Error And Inference

Author: Deborah G. Mayo
Publisher: Cambridge University Press
ISBN: 0521180252
Size: 46.86 MB
Format: PDF, Mobi
View: 3917
Explores the nature of error and inference, drawing on exchanges on experimental reasoning, reliability, and the objectivity of science.

Patterns Of Rationality

Author: Tommaso Bertolotti
Publisher: Springer
ISBN: 3319177869
Size: 49.44 MB
Format: PDF, Docs
View: 2793
This book proposes an applied epistemological framework for investigating science, social cognition and religious thinking based on inferential patterns that recur in the different domains. It presents human rationality as a tool that allows us to make sense of our (physical or social) surroundings. It shows that the resulting cognitive activity produces a broad spectrum of outputs, such as scientific models and experimentation, gossip and social networks, but also ancient and contemporary deities. The book consists of three parts, the first of which addresses scientific modeling and experimentation, and their application to the analysis of scientific rationality. Thus, this part continues the tradition of eco-cognitive epistemology and abduction studies. The second part deals with the relationship between social cognition and cognitive niche construction, i.e. the evolutionarily relevant externalization of knowledge onto the environment, while the third part focuses on what is commonly defined as “irrational”, thus being in a way dialectically opposed to the first part. Here, the author demonstrates that the “irrational” can be analyzed by applying the same epistemological approach used to study scientific rationality and social cognition; also in this case, we see the emergence of patterns of rationality that regulate the relationships between agents and their environment. All in all, the book offers a coherent and unitary account of human rationality, providing a basis for new conceptual connections and theoretical speculations.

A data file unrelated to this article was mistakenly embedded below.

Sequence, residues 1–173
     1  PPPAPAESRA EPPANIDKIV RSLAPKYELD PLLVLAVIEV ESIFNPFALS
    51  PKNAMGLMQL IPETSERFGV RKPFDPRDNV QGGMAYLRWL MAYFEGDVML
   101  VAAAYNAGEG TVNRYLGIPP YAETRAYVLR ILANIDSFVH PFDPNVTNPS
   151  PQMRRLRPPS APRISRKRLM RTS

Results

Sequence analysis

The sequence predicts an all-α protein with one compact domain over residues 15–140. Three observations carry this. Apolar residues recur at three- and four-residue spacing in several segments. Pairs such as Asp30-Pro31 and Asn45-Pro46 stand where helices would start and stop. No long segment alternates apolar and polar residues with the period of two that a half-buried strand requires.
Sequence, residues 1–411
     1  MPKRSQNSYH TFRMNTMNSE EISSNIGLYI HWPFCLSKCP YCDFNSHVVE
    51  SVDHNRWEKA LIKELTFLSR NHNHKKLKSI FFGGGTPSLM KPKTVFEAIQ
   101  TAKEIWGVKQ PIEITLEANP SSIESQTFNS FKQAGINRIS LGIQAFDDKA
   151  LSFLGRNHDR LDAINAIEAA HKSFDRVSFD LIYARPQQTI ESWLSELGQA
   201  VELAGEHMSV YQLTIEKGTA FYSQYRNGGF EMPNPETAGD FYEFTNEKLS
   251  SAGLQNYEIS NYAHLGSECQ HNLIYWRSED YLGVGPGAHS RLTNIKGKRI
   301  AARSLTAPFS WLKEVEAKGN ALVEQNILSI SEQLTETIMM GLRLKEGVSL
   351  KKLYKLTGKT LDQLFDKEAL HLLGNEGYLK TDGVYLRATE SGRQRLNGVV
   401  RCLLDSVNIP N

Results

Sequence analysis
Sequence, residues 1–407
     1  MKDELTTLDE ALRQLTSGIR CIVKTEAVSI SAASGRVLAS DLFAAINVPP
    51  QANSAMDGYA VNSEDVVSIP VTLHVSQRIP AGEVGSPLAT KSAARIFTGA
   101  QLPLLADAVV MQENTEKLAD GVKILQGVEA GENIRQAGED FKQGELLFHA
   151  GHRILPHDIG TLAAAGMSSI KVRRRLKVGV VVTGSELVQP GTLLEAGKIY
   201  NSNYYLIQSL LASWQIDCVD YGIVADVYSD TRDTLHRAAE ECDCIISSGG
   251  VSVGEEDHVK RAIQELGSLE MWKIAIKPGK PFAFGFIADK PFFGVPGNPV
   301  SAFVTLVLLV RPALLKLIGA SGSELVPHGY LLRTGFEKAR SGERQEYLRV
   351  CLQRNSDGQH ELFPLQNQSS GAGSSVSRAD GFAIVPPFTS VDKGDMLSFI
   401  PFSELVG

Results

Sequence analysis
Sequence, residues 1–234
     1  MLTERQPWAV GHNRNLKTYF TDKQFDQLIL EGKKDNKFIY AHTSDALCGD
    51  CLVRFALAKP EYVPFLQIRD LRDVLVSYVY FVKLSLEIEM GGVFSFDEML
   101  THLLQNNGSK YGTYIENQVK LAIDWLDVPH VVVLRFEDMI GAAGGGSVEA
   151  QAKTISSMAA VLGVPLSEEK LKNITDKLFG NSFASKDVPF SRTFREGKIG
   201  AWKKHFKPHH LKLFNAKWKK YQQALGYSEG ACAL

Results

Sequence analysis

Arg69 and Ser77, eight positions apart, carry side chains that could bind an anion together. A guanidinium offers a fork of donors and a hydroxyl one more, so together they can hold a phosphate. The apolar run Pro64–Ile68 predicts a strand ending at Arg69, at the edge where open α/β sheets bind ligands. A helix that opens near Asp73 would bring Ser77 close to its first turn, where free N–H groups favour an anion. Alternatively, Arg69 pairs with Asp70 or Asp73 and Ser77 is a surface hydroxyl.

Philosophy Of Science Matters

Author: Gregory J. Morgan
Publisher: OUP USA
ISBN: 0199738629
Size: 34.76 MB
Format: PDF, ePub, Docs
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Nineteen distinguished philosophers, including four Lakatos award winners, address various aspects of Peter Achinstein's influential views on the nature of scientific evidence, explanation, and realism -- with replies from Achinstein himself.